There’s a blood moon rising

Elvira Hattingh
A blood moon - or rather a total lunar eclipse - will also be visible here in the early morning of 16 May.
In Namibia, the peak of the eclipse - when the earth's inner shadow slides over the moon and may appear red - begins around 03:29 and ends at 06:53. Then the moon will sink into its red robe, which means the rest of the eclipse will not be visible from Namibia.
The US National Aeronautics and Space Administration (NASA) explains that there are three types of lunar eclipses: A total, partial and a half-shadow eclipse. During a total eclipse, the moon appears bright red, as will be the case on 16 May.
This is the first lunar eclipse of the year. However, a total lunar eclipse can only be seen about every two and a half years from a given location.
How it works
A total lunar eclipse is actually a freak of nature, explains.
A lunar eclipse can only occur when it is a full moon and a total eclipse only when the sun, earth and moon form a perfect, straight line. If the alignment is not exactly straight, there is only a partial eclipse or no eclipse.
The moon's orbit around the earth is on a slightly different level than the earth's orbit around the sun, which means that the exact alignment cannot happen during every full moon.
During a lunar eclipse, the earth casts two shadows on the moon - the inner shadow (umbra) a full, dark shadow, as well as the half-shadow (penumbra).
The moon then moves through this shadow in phases - with the first and final phases in the half-shadow, which is not so clearly visible. The best part of the eclipse is therefore in the middle when the earth casts its inner shadow over the moon and often appears red.
Since the moon formed about 4.5 billion years ago, it has been moving about 4 cm further away from the earth every year. Currently, the conditions for an eclipse are ideal, because the moon is just far enough away that the earth can completely cover it with its shadow - something that will no longer be possible billions of years from now.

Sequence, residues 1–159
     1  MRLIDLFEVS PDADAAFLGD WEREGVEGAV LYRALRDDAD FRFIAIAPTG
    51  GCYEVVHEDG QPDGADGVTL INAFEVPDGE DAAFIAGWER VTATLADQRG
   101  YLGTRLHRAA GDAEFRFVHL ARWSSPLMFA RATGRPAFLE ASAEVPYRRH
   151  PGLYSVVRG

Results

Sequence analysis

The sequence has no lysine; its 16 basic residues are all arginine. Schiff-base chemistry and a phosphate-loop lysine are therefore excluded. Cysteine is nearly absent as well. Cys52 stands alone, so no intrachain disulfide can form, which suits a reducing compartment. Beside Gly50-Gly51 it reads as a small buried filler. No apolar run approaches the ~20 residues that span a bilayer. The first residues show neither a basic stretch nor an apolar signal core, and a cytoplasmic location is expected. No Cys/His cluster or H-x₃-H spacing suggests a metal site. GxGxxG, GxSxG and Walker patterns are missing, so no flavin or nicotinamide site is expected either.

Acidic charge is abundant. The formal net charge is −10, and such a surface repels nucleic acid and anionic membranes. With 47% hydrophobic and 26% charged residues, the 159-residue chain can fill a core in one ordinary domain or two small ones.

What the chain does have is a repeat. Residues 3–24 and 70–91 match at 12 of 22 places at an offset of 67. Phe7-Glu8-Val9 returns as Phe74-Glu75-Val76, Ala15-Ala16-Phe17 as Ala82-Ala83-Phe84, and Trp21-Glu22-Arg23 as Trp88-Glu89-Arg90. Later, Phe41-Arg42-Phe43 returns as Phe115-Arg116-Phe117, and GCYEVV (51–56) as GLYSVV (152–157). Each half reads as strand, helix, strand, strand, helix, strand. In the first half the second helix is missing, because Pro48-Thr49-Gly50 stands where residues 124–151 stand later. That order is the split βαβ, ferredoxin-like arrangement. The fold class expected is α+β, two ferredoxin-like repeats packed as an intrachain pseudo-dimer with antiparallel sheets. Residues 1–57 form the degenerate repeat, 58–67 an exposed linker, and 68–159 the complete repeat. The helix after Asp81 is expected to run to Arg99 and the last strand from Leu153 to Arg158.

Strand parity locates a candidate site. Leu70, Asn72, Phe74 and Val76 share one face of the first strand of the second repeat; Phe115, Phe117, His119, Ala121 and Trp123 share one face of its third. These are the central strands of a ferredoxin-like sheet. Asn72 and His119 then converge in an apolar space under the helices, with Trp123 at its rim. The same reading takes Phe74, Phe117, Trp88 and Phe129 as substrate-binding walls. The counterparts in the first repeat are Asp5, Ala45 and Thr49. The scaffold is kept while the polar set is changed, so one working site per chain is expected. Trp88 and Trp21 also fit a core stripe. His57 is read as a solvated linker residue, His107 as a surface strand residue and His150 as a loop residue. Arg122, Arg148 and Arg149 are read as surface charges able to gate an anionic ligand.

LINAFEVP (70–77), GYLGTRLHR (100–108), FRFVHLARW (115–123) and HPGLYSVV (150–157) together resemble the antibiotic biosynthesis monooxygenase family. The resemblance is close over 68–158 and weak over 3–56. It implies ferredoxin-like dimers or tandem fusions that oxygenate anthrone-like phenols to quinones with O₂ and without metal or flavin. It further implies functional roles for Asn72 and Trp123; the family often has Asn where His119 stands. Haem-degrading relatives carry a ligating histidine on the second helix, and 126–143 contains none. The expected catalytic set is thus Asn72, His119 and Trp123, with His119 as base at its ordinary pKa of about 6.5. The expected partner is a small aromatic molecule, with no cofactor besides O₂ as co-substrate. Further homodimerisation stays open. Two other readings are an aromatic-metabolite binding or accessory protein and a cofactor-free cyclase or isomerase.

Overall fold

NASA says about four solar eclipses occur each year, while lunar eclipses occur less frequently - usually no more than three times a year. Solar eclipses can usually only be seen along an 80 km wide strip over the earth, while a given lunar eclipse is usually visible to up to 50% of people on earth.
Why red?
When the earth casts the darkest part of its shadow over the moon - the inner shadow - it appears red because rays from the sun still move through the earth's atmosphere and are then "bent" in the direction of the moon.
While other colours are blocked out or reflected by the earth's atmosphere, red light moves more easily through the atmosphere.
Exactly how red the moon appears depends on the amount of dust and clouds in the atmosphere, NASA explains. When there are more particles in the atmosphere, such as when a volcano has recently exploded, the moon may appear redder than usual.
The second lunar eclipse that will take place in November this year will not be visible in Namibia. NASA maintains a list that predicts lunar eclipses up to 2100, as well as information on eclipses that have already occurred.
During the 21st century, there will be a total of 228 lunar eclipses.
In 2023, there will also be two lunar eclipses: On the evening of 5 to 6 May, a partial shadow eclipse is expected, while a partial one will occur on the evening of 28 to 29 October.